Vandals with spray paint damaged signs and wetlands boardwalks at Chisholm Creek Park in Wichita on Monday night, referencing the Pokemon Go game with some of their spray-painted images.
That disappointed not only park officials, but also other Pokemon Go players in Wichita, some of whom have played the game at the 282-acre park near 29th and Woodlawn and have also volunteered to pick up trash there.
“It’s a shame that people have to treat good things like that and damage things that are free like that,” said Caleb Sifuentez, 17, who will be a senior at Eisenhower High School in Goddard. She played Pokemon Go at the park on Monday and picked up park trash while she played.
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“People work hard to let you enjoy things, and these people gave a bad name to the Pokemon game,” she said.
The vandals spray-painted names – perhaps their own – on park sidewalks and boardwalks.
Those names have been reported to Wichita police, said Jim Mason, director of the Great Plains Nature Center.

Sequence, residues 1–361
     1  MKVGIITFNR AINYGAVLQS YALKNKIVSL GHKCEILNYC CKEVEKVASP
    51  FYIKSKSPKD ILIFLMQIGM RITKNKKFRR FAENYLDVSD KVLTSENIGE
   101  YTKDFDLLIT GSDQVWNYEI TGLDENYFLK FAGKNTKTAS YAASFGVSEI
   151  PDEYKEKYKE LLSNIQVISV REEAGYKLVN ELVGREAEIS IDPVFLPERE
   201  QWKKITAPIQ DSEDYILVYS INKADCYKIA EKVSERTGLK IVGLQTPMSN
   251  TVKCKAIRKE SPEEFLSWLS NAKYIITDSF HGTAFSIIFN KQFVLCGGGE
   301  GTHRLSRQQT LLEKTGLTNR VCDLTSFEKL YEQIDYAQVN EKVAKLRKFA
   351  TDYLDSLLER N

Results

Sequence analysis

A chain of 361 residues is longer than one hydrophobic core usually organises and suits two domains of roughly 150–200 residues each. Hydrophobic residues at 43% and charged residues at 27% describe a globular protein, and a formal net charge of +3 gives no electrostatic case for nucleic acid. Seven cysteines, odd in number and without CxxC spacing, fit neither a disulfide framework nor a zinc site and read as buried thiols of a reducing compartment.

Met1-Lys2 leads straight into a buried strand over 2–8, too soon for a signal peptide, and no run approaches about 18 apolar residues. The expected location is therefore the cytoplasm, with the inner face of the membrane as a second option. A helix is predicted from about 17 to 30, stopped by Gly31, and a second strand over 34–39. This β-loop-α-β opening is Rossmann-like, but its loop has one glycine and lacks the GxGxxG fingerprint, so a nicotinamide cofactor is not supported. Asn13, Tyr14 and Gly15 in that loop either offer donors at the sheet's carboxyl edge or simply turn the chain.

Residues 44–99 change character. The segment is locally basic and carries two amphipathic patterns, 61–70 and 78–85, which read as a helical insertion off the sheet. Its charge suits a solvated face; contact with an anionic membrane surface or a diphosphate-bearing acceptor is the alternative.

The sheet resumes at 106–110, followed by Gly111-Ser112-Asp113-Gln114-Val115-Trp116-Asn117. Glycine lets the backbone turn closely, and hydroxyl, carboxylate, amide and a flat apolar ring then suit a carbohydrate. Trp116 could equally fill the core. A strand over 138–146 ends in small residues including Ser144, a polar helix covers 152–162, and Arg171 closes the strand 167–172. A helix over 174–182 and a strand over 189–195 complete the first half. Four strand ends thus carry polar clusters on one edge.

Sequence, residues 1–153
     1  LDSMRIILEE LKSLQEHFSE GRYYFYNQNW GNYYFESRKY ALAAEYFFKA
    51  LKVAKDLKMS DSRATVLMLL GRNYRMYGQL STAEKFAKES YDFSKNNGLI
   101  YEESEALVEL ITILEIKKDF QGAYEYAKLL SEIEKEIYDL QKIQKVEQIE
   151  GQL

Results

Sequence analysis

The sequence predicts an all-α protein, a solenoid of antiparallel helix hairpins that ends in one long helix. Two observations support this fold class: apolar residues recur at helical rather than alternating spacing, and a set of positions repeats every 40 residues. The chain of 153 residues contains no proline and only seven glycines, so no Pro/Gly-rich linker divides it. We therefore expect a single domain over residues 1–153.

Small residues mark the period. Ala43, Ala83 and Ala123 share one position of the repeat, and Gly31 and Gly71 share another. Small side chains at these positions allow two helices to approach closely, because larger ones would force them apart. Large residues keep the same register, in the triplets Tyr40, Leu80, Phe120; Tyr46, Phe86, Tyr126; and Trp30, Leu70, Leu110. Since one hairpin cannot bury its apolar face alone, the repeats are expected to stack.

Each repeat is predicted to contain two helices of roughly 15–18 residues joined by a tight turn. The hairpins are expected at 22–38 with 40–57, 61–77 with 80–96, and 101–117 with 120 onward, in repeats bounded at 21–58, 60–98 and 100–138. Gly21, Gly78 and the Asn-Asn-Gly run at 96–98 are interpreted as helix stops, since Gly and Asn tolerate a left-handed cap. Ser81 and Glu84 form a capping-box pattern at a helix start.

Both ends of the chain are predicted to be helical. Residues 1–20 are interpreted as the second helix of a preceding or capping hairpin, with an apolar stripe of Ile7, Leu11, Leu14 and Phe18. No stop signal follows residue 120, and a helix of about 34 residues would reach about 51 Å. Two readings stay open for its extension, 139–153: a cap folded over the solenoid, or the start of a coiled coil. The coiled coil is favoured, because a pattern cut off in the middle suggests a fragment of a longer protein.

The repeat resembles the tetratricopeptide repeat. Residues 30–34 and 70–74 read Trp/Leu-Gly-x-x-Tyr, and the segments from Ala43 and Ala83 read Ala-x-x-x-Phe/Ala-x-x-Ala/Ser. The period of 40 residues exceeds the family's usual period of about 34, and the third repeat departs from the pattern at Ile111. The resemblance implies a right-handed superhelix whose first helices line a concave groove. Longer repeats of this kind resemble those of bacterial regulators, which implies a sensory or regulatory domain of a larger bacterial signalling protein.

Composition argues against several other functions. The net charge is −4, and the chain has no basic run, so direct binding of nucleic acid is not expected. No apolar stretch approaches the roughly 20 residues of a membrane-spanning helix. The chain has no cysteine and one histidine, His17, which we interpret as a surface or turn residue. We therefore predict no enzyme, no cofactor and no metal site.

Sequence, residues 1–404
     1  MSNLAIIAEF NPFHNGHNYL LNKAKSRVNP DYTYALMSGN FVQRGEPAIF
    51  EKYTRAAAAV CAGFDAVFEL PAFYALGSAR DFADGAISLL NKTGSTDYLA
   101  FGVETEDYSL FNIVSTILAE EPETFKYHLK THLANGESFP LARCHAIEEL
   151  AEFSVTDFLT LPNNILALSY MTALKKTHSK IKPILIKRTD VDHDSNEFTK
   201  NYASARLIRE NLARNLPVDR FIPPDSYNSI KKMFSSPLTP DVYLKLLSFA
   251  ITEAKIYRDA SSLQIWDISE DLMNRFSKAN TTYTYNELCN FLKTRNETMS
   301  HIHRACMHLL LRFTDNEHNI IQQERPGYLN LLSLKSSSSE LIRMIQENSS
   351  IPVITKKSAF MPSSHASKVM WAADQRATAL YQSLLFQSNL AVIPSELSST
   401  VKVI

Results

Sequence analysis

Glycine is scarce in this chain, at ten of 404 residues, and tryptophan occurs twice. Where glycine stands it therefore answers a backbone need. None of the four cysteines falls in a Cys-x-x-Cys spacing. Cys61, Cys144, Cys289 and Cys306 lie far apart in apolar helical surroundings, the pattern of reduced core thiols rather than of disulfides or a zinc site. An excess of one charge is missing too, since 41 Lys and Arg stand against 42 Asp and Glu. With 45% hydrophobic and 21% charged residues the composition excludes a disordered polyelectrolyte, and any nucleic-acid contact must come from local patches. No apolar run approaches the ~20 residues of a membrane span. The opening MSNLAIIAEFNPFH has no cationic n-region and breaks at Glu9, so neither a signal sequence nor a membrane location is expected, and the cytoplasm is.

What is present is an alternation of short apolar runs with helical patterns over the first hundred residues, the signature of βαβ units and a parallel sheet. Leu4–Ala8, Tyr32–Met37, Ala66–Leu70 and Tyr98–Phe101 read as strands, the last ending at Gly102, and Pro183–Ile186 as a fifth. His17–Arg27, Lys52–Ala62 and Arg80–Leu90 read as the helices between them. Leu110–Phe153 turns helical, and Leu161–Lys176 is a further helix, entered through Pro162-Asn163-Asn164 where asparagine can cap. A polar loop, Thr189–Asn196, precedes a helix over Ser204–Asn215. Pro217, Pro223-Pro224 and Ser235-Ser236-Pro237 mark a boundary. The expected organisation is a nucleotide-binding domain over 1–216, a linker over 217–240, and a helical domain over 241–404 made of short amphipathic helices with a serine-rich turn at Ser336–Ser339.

These people gave a bad name to the Pokemon game.
Caleb Sifuentez, Pokemon Go player
“Perhaps, if there are enough breadcrumbs left out there like that, the police can bring justice,” he said. “This is really juvenile and destructive, and please don’t do it anymore.”
The vandals sprayed big X’s on some of the park’s interpretive nature walk signs, each worth hundreds of dollars. They sprayed messages on walkways that will cost hundreds of dollars to sand off, Mason said.
“It will involve many hours of staff time trying to correct,” Mason said. “We don’t know how well we’ll be able to correct the vandalism without destroying things that visitors to the park have enjoyed for years.”
Chisholm is a city park; Mason works for the city’s Park and Recreation Department. When the Pokemon Go game became a craze, park staff put out a sign welcoming players and asking them to come into the Great Plains Nature Center, located at the park, to sign up as volunteers.
By noon on Tuesday, more than a dozen people, most of them Pokemon Go players, signed up, took trash bags given to them by park officials, and went to work.
Sifuentez and her friend and fellow Eisenhower High senior, Ally Rakestraw, both 17, signed up and worked.
They should be grounded.
Ally Rakestraw, Pokemon Go player
“We’re talking about going back to pick up more trash tomorrow,” Rakestraw said.
“Whoever did this ruined it for everybody, and even for the wildlife,” Rakestraw said. “They should be grounded.”